• A change in securities laws would also be needed for this provision.
    • “Lost and found” for retirement savings



      • This provision would create a searchable retirement savings database to help people find information about their previous employers so that they can claim earned benefits.
    • Employer ROTH contribution option



      • This provision would give employers the option of allowing their employees to designate employer contributions as Roth after-tax contributions rather than pre-tax contributions.
      • Currently, all employer contributions can only be pre-tax.

SECURE Act Webinar Series

  • Our webinar series spotlights the key provisions of the SECURE Act for advisors and plan sponsors. In just an hour TRA experts provide the information you need for SECURE Act success!

    Plan on joining us for the next webinar. And if you’re not able to attend – or would like a refresher – tune into a recorded session.

    • SECURE Act 2.0 - Reshaping the Retirement Landscape - 1/25/23

      The long-awaited and much anticipated “SECURE 2.0” is here. Join TRA and Retirement Learning Center as we provide an overview of the many aspects of the new retirement-related legislation know as SECURE 2.0. This bill makes significant changes to most aspects of the retirement environment including expanded contribution limits and credits, enhancements of SIMPLE IRA arrangements, emergency saving account options in 401(k), and matching of certain student loan payments. In addition, we’ll cover changes to excesses, corrections, RMD and rollover rules. Lastly, the timing, amendment and effective dates of key provisions will be discussed.

      Learning Objectives

      • Understand the new 401(k) features including emergency savings accounts, student loan payments, starter 401(k)s, required auto-enrollment features and increased credits and limitation
      • Identify enhanced SIMPLE-IRA features, modifications to 457(b) eligibility requirements and ability to treat employer contributions as Roth amounts
      • Recognize expanded rollover options, additional distribution penalty exemptions, RMD changes
      • Summarize changes to MEP/PEP and Group of Plans rules
      • Consider the timing and effective dates of the provisions and requirement amendments

      Click here to review a summary of SECURE Act 2.0

    • What’s Next with SECURE Act 2.0? - 10/26/22

      Congress is considering multiple proposals that have the potential to dramatically reshape the retirement marketplace. Among the proposals, House Resolution (HR) 2954 “Securing a Strong Retirement Act of 2021” (SSRA), and the Senate’s (S) 1770 “Retirement Security and Savings Act” (RSSA)—two overlapping bills with strong bipartisan support—are most likely to be combined into expansive retirement reform referred to as, “SECURE 2.0.” Key objectives of the bills include expanding employee coverage by workplace retirement plans, increasing retirement savings, and preserving retiree income. Among the proposed provisions are enhancing automatic enrollment, increasing tax-credits for plan start-ups, and raising the age for mandatory distributions.

      Learning Objectives:

      • Understand key provisions of the Setting Every Community Up for Retirement Enhancement (SECURE) Act of 2019 (i.e., SECURE Act 1.0).
      • Summarize elements of SECURE 1.0 such as Pooled Employer Plans, Group of Plans, changes to part-time employee coverage, plan set-up deadlines, and lifetime income illustrations and the deadline to provide them.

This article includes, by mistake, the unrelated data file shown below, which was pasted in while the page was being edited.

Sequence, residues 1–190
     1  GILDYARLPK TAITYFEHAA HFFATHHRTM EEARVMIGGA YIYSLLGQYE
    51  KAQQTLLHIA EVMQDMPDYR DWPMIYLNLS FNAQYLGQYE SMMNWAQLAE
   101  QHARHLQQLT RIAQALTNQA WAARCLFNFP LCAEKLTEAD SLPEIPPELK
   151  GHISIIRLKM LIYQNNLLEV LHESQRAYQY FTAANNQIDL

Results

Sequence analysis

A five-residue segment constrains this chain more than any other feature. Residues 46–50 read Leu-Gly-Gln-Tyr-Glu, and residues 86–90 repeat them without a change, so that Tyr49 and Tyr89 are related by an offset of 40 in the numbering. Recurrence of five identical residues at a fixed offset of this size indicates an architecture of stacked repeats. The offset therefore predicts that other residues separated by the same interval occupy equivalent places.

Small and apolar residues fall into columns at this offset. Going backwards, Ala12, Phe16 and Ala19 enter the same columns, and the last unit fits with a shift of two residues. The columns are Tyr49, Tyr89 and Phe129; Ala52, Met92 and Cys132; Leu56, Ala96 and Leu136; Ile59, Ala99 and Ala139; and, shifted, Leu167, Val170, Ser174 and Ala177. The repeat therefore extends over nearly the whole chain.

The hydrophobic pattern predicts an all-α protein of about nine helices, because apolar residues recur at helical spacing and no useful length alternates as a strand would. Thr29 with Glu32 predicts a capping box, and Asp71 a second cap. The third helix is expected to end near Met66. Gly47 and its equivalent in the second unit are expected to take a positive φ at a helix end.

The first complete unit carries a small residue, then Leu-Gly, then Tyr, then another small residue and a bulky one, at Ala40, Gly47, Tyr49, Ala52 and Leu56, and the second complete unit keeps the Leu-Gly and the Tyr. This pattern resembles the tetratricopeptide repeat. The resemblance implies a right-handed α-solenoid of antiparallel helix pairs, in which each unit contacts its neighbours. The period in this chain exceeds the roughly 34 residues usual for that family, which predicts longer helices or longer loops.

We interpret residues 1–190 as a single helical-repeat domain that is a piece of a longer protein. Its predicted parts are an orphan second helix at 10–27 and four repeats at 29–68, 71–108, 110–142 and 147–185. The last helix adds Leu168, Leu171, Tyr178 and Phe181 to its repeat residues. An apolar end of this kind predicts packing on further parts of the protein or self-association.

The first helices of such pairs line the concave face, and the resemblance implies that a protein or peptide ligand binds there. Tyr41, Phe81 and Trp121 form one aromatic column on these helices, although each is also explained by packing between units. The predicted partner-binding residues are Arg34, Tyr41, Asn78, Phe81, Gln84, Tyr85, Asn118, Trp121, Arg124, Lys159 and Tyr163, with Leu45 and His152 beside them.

• Recognize key provisions in the combined legislation known as “SECURE Act 2.0”
      • Identify other retirement reform proposals
      • Consider practical and tactical actions for plans sponsors and investors considering the new proposals.

      Watch Today

    • From MEPs to PEPs & More: What Advisors Need to Know - March 25, 2020

      On Wednesday March 25, 2020, Trey Galuppi, TRA’s MEP Specialist and John Markley, TRA’s Industry Relations Director, addressed the SECURE Act’s impact on existing retirement plan platforms, defined new opportunities the legislation creates – and demonstrated how TRA can help you craft the plans that best meet your clients’ needs.

      They focused on some of the most significant changes in the SECURE Act relating to Multiple Employer Plans (MEPs) and the new Pooled Employer Plans (PEPs). If you want to help your plan sponsor clients optimize the SECURE Act’s provisions, this is a webinar you won’t want to miss.

      Our focus is on helping advisors determine which plan platform is right for which clients.

      Click here to download the presentation

    • Bringing the SECURE Act into Focus for 2020 - January 23, 2020

      On January 23, 2020, John Markley and Lisa Showalter brought the SECURE Act into focus. You can listen/view the recorded presentation below.

      A visionary in the retirement plan industry, John founded Markley Actuarial over 30 years ago. Since 2018, Markley Actuarial has been a division of TRA. John serves as a consultant to large plans, municipal plans, and plans with employee contributions.

      A past President of ASPPA’s College of Pension Actuaries, John is currently a member of the Government Affairs Committee of ASPPA.

      Lisa also joined TRA from Markley Actuarial in 2018. As a technical and consulting resource for TRA’s Sales Team, she works with plan sponsors and industry partners to provide customized plans tailored to clients’ needs. She is Certified Pension Consultant and a member of Women in Pensions Network.

      Click here to download the presentation

TRA Has the Help You Need

When the new retirement legislation is signed into law, we plan to create a comprehensive Resource Center for plan sponsors and advisors to help you successfully navigate the provisions of the new law.

In the meantime, if you have questions about the implications of the proposed retirement legislation, your RSC will tap into TRA’s expertise so that you can get the answers you need from someone “in the know.” Please contact your RSC today or complete the form below!

Legislative Updates Contact Form